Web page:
I am what you would
call a “vaccine-wary” mom. I am neither pro- nor anti-vaccinations. Instead, I
am a mom who worries. One who worries about the potential drawbacks of vaccines,
while also fearing the risks of not complying.
I am just a mom who
I am also an
educated woman. I have a college degree and a deep appreciation for science.
I like to be informed and have therefore read up on nearly every vaccine my
child will ever receive. I weighed the pros and cons, and after a great deal
of mommy research I decided my daughter will receive all her vaccinations.
She will just be
receiving them on an extended schedule.
My reasons for
spacing her vaccines are numerous, but the short version is that I just feel
more comfortable giving them to her one or two at a time rather than four or
five at once. For the most part, her pediatrician has been supportive of this
choice. I think she might think I’m a pain, but she seems pleased at least that
I am still vaccinating.
And I am. Even though I am also the mother of a little girl who has experienced
an adverse vaccine reaction.
We aren’t talking
about fussiness or fevers here. No, we are talking about my daughter essentially
contracting rotavirus from the rotavirus vaccination. She is one of the 10
percent of kids who went on to experience over a week of terrible stomach
issues after receiving the live rotavirus vaccine. On day five we found ourselves
at the emergency clinic, her poor little bum raw from having the small amount
she was eating continue to run straight through her.
The doctor we saw
was very kind. She explained that this reaction was actually quite common, and
wrote a prescription for treating the resulting diaper rash which had now
turned into a strep infection—something I hadn’t even realized was possible.
She then addressed my vaccine wary fears, talking to me like an educated woman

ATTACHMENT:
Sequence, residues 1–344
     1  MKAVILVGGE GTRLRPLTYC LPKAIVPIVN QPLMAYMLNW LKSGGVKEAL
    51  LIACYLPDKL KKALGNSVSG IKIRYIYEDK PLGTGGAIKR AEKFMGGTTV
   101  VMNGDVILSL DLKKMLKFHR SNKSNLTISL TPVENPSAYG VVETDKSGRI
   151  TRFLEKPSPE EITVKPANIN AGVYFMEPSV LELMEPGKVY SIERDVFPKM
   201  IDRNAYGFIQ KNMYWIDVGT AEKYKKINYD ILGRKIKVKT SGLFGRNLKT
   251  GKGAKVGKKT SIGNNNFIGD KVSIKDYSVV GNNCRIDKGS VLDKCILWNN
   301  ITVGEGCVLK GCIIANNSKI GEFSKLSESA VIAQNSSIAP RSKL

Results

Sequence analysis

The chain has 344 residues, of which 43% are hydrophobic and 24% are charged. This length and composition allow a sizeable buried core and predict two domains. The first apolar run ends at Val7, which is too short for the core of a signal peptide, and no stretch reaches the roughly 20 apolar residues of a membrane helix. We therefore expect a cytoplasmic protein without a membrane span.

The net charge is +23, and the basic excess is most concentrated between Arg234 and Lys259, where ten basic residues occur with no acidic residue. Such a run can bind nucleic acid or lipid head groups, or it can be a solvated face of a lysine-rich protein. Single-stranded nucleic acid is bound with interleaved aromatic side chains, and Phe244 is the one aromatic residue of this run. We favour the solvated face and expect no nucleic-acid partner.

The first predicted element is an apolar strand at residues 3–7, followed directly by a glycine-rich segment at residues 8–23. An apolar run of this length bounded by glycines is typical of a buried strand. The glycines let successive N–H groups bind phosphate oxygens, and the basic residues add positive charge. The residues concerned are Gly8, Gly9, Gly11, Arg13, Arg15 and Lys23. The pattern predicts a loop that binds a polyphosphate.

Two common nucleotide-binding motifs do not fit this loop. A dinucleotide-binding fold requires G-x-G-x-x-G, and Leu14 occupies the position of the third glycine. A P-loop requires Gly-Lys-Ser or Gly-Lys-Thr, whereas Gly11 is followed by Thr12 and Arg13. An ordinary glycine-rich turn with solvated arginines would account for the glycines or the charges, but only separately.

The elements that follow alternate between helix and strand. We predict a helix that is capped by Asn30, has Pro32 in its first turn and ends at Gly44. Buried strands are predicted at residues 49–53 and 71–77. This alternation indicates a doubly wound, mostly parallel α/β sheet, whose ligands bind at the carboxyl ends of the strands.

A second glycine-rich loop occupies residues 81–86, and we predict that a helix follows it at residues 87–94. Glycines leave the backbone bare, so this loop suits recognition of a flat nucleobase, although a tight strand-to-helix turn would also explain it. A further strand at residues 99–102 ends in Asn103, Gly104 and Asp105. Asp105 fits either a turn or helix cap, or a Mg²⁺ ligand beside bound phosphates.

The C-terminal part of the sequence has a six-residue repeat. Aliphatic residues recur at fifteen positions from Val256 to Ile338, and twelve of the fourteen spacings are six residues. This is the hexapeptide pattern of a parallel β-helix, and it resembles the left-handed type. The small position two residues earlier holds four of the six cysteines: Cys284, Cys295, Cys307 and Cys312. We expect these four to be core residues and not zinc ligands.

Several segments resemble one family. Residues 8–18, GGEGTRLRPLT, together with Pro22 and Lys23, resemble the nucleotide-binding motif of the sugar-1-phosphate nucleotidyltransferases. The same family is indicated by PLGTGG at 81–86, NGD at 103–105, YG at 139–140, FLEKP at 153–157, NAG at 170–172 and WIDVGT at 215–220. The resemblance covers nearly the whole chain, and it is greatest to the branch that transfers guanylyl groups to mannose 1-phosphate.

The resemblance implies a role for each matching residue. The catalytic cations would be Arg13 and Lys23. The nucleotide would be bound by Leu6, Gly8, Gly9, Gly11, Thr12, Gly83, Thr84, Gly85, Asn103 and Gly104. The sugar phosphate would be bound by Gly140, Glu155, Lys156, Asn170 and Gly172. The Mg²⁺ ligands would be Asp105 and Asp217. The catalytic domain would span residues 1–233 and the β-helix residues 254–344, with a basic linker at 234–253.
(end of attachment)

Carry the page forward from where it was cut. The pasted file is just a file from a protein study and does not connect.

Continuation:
and going down the list of pros and cons for each vaccination still to come.
I have to know. I have to be informed. I need to understand.
She was honest with
me about the ones she felt could probably be avoided, as well as those she
deemed to be absolutely necessary.
In the end, it was
a conversation that put my fears at ease, even if only just a bit. It occurred
to me that this is the way the public
and medical community should be talking to moms like me; not as though we are
crackpot conspiracy theorists who need to be shut down, but as if we are the
educated and concerned mothers and parents we often tend to be.
Many of my pro-vaccine
mommy friends couldn’t tell you what is in the shots their children receive, or
which ones contain live viruses and which are littered with other ingredients.
Most couldn’t explain the perceived effectiveness of each inoculation, or the
risks involved with each and every needle prick. They simply choose to trust
their doctors, never questioning what they’re told. And truthfully, there is
nothing wrong with that if it works for them. I might even be a tad envious of
those who choose simply not to know, and therefore not to worry. But that is not
how I am built. I have to know. I have to be informed. I need to understand.
In the end, it
becomes about analyzing the risks versus the benefits. For me, I understand the
risks even while embracing the benefits. For other parents, the risks become
too scary. And I can understand that. I can see how they would slide that way.
They have usually done their research and gathered their information. For them,
the risks just seem too great.
otherwise isn’t accomplished by degrading or shaming. It serves no purpose to
shut down or silence their voices. In my experience, they often have valid
points to be made and reasons for their fears. Painting them as careless or
stupid gets nowhere, but addressing their concerns and approaching them with
care just might.
Most parents are
just doing the best they can, making the decisions they believe are right for
them and their families. The animosity toward those who choose to delay or
abstain completely accomplishes next to nothing. It only serves to further the
I am a vaccine-wary
mom, situated somewhere in between both my pro- and anti-vaccination friends; I hold a daughter recovering from rotavirus, contracted by the vaccine which
was meant to protect her.
She probably would
have gotten it anyway. Somewhere down the line, it is an illness she likely
would have come into contact with. On the list of vaccines I have considered
skipping altogether, this was actually never one I pondered avoiding.
And that just goes to
show you—we have no control.